Tools Used for Neurological Examination in Stroke
Early detection of stroke is essential in order to improve outcomes and decrease long term disability. Clinicians in both out of hospital settings and in hospital settings use various tools to determine the likelihood of stroke in patients with symptoms suggestive of stroke.
Quick recognition in the prehospital setting allows the receiving facility to mobilize the stroke team as the patient is en route to the facility. Notifying the emergency department that the patient is likely suffering a stroke can lead to quicker imaging, which in turn means faster delivery of fibrinolytic therapy or PCI (percutaneous coronary intervention).
Acute stroke treatment is time dependent, and the faster a stroke can be identified, the better the outcome for most patients. Although it may seem that a matter of minutes cannot possibly make much of a difference, when it comes to stroke it can and it does, hence the saying “Time is Brain”. As a response to the need for standardized stroke assessment, various stroke screening tools or scales have been developed. Although the scales do not predict the outcome after a stroke, they can be very useful as a triage tool. A standardized scale also helps prevent variations among emergency service personnel and first responders who are evaluating a patient for stroke.
Scales in Use
There are a few different scales that are commonly used in the assessment of stroke, including those listed below:
The Cincinnati Prehospital Stroke Scale: This scale tests for three possible signs of stroke, including facial droop, arm drift and speech abnormality. One abnormal finding out of three means that there is a greater than 70% chance that the patient is experiencing a stroke, while three abnormal findings indicate a >85% probability of stroke.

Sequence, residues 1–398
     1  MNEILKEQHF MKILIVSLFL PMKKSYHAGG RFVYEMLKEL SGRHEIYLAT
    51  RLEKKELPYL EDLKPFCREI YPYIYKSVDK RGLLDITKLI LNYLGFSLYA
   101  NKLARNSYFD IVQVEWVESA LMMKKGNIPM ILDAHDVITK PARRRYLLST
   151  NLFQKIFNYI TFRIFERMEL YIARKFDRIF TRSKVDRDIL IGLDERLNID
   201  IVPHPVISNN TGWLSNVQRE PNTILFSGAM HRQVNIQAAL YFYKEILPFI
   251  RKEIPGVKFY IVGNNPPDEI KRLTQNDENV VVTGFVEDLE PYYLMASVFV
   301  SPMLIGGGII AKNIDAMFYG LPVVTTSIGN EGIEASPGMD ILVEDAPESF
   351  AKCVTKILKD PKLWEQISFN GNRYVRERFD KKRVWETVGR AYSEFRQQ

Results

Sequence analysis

An obvious advantage of using the Cincinnati Prehospital Stroke Scale is that it is fast. The evaluation can usually be completed in less than a minute. In some situations, using the fastest stroke scale may be most beneficial. One possible disadvantage to using this stroke scale is that it only based on a few parameters, therefore it may not be an efficient way to assess for a posterior circulation stroke, which may cause symptoms such as dizziness and vomiting and is responsible for 5 to 10% of all ischemic strokes.
The Los Angeles Prehospital Stroke Screen: This stroke scale measures facial droop, arm strength and hand grip. In addition to these parameters, it also takes into consideration the patient’s age, whether or not the patient has ever had a seizure and the length of time symptoms have been present. The screen also evaluates blood glucose level and whether at baseline the patient is bedridden or wheelchair bound.
The main drawback to using the Los Angeles Prehospital Stroke Screen is it may take slightly longer to complete than the more succinct Cincinnati Prehospital Stroke Scale.
The National Institutes of Health Stroke Scale (NIHSS): This stroke scale may be used to identify the likelihood of a stroke; it can also estimate severity. It measures 11 clinical functions or deficits such as gaze, vision, level of consciousness and facial palsy. It also measures limb ataxia, sensory loss, dysarthria and language. Arm and leg strength, along with inattention, are also evaluated. The items must be administered in order and without patient coaching.
Because the scale measures more parameters than the previously mentioned stroke scales, it may also help to rule out other causes of a patient’s symptoms. Although it may be completed in six to ten minutes, the assessment is far longer than some other stroke scales.
One benefit of using a stroke scale is that it provides a standardized tool for initial neurological evaluation. The type of scale selected may vary depending on employer or facility policy. For example, certain emergency service agencies may utilize a specific stroke scale. If personnel have the option to use different stroke scales, they should choose a scale that appears to be appropriate for the situation and the patient’s condition. They should also use a scale that they are very familiar with.
It is difficult to say which scale is superior to another. Different situations may call for the use of different scales. For example, if a rapid assessment needs to be performed, the Cincinnati Prehospital Stroke Scale may be the most advantageous. In other situations, a more thorough assessment may be warranted. It is also important to keep in mind that, although a stroke scale is a useful tool, it is only one piece of the puzzle.
Juach, E. Cucchiara, B. 2010 American Heart Association Guidelines for Cardiopulmonary Resuscitation and Emergency Cardiovascular Care. Circulation. 2010. http://circ.ahajournals.org/content/122/18_suppl_3/S818.full Accessed August 2014.
Kidwell, CS, Startman, S. Identifying Stroke in the Field; Prospective Validation of the Los Angeles Prehospital Stroke Screen. http://www.ncbi.nlm.nih.gov/pubmed/10625718 August 2014.